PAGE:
A new study by Rebecca Pian, Mike Archer and Sue Hand, published today in the Journal of Vertebrate Paleontology, describes the tooth of a new, giant species of extinct platypus.
The fossil history of the platypus shows the modern platypus is just the tip of the iceberg of a diverse radiation.
A toothier platypus
In 1975, American palaeontologists Michael Woodbourne and Richard Tedford published a description of ancient platypus teeth from the Etadunna and Namba formations in central Australia. The specimens were dated from the Oligocene, 24 to 26 million years ago.
They described these teeth as belonging to an ancient platypus they named Obdurodon insignis. The name Obdurodon comes from the Greek for “lasting (obdurate) tooth”. It was coined to distinguish extinct toothed platypuses from the essentially toothless modern species - modern adult platypus do not have teeth, but juveniles do.
Later on, a spectacular skull of another ancient platypus was recovered from the limestone deposits of the Riversleigh World Heritage Area of northwestern Queensland. The skull, named Obdurodon dicksoni, was near complete with teeth. It was estimated to be from the mid-Miocene, around 15 million years ago.
A surprising discovery was published in 1992, where the teeth of a South American platypus, Monotrematum sudamericanum, were found in Patagonia, Argentina. They were dated at 61 million years old, demonstrating the platypus had a much wider range in times past.
A big platypus with a broad diet
What is spectacular about the new discovery, named Obdurodon tharalkooschild, is its size. It is the largest species of platypus ever described; the authors estimate it was almost a metre long. Compare this to the modern platypus, where a large male from Tasmania is lucky to reach 60cm. This species was double the size of the typical mainland platypus.
Like the skull of Obdurodon dicksoni, this skull was recovered from the limestone formations of the Riversleigh World Heritage Site, where Archer and his colleagues have been working for over 20 years. The well-preserved fossils from this area have already rewritten the book on marsupial evolution, and now they are doing the same for Australia’s egg-laying mammals (monotremes). The Two Tree site, where the tooth was found, is not actually dated, but the authors estimate the age at between 15 and 5 million years old.
So what information can we gather about the life of this giant platypus? Basing the whole picture on one tooth makes it difficult, but the bumps and ridges indicate that it may have fed on wide range of aquatic organisms. It would have eaten crayfish and other freshwater crustaceans, like the modern platypus does, but its large size and robust dentition would have let it feed also on small vertebrates including the lungfish, frogs, and small turtles that are preserved with it.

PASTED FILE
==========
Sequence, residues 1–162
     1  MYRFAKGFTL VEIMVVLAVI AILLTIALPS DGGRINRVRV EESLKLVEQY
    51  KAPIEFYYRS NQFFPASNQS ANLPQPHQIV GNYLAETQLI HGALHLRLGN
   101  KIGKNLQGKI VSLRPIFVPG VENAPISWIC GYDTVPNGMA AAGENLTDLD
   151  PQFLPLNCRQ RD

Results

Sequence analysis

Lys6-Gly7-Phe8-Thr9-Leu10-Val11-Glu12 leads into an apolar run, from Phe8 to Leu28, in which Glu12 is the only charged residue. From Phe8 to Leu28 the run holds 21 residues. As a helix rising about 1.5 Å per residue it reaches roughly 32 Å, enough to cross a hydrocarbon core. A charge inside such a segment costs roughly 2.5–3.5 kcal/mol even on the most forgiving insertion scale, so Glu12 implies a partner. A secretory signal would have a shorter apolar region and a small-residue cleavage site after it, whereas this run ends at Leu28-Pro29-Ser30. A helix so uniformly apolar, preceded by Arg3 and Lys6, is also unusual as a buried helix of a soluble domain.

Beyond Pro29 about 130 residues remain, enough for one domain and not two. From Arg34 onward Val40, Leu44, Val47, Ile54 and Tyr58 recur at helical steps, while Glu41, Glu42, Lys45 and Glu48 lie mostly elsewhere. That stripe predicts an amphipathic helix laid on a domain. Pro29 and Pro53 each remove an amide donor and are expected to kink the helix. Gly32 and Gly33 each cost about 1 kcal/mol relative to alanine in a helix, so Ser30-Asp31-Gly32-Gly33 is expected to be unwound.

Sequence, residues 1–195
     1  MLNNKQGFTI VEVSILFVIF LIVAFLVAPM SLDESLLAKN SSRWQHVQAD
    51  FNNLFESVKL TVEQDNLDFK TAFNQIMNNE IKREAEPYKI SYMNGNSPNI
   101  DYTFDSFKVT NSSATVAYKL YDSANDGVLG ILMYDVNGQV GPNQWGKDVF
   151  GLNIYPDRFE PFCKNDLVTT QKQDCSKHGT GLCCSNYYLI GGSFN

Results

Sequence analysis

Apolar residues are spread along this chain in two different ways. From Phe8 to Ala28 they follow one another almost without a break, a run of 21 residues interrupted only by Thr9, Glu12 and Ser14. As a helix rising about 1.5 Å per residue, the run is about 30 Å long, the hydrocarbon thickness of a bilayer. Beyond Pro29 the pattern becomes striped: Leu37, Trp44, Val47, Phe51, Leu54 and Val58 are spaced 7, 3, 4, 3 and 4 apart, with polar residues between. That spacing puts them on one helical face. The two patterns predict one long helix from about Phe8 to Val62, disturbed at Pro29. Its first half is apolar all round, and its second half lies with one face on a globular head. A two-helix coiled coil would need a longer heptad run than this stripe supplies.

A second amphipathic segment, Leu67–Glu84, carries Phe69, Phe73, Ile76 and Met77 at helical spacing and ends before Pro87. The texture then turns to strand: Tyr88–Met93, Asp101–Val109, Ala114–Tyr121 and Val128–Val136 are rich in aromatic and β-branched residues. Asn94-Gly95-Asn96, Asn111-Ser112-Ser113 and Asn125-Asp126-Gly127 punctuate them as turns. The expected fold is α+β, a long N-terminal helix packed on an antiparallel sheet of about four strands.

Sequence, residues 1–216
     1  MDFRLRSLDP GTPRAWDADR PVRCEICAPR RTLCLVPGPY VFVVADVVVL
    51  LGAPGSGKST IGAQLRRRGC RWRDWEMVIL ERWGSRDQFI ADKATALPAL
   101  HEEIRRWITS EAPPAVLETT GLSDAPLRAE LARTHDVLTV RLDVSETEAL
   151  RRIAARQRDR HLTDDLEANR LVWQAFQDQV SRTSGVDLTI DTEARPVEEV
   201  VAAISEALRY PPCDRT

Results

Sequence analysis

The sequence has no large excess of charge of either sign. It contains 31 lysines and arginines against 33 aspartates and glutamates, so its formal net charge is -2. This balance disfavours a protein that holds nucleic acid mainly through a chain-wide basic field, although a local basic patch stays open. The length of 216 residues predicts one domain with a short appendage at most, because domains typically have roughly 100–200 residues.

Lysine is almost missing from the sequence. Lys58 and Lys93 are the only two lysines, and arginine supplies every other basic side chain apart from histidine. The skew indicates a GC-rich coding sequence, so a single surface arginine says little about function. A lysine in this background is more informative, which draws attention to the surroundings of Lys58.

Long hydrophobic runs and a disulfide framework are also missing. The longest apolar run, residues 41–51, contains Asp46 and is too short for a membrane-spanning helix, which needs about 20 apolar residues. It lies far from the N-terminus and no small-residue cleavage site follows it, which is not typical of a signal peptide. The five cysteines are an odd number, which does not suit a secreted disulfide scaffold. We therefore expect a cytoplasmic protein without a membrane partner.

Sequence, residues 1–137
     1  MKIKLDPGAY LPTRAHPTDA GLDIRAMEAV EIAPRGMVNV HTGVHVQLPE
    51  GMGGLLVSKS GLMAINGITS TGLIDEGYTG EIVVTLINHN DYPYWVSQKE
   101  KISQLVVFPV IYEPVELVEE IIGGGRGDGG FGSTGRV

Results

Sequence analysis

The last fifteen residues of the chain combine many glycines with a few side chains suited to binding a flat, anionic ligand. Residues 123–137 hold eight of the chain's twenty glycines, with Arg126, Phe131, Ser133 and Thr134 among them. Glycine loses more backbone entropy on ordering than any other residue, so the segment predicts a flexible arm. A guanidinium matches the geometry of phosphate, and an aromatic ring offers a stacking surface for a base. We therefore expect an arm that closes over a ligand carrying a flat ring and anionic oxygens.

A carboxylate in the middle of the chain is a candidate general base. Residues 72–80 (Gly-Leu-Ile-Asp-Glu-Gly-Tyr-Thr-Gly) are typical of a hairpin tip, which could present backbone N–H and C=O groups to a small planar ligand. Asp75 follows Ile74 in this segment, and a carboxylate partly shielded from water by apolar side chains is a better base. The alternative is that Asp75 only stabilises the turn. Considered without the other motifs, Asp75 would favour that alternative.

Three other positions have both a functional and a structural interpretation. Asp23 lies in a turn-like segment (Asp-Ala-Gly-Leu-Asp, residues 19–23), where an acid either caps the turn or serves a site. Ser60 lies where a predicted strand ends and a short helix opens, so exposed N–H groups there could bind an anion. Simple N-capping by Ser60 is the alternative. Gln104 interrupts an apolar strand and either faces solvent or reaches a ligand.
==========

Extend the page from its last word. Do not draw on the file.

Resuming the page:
Named for a legend
The species name, tharalkooschild, is in reference to an Indigenous Australian creation story about the origin of the platypus.
During the Dreaming, Tharalkoo was a head-strong duck inclined to disobey her parents. Her parents warned her not to swim downriver because Bigoon the Water-rat would have his wicked way with her. Scoffing, she disobeyed her parents and was raped by Bigoon.
By the time Tharalkoo escaped and returned to her family, the other girl ducks were laying eggs, so she did the same. But instead of a fluffy little duckling emerging from her egg, her child was an amazing chimera that had the bill, webbed hind feet, and egg-laying habit of a duck, along with the fur and front feet of a rat. It was the first platypus.
Changing environment, changing platypus
The discovery of this fossil further adds to our understanding of the evolution of Australia’s fauna, and the environmental changes to the continent.
It further enriches Australia’s heritage, but it may also have a valuable message for the future of Australia’s fauna. The platypus had a higher diversity of form and much wider range in times past.
Its reduction to one species living on the east coast of Australia is certainly due to climate and resulting environmental changes. As the Australian continent moved north over millions of years, the previously wet interior of the continent dried up. This meant that the platypus became restricted to the wet east coast of the continent.
With a rapidly changing climate, we may need to have further concern for one of the world’s most unique animals. Most climate predications have the east coast of Australia becoming hotter and drier, with more extreme weather events. With human impact on waterways increasing on the east coast, the last member of the ancient, and once more diverse, platypus family could be in danger in the future.
Mathew Crowther receives funding from Australia Pacific Research Foundation.
This article was originally published at The Conversation. Read the original article. The views expressed are those of the author and do not necessarily reflect the views of the publisher. This version of the article was originally published on LiveScience.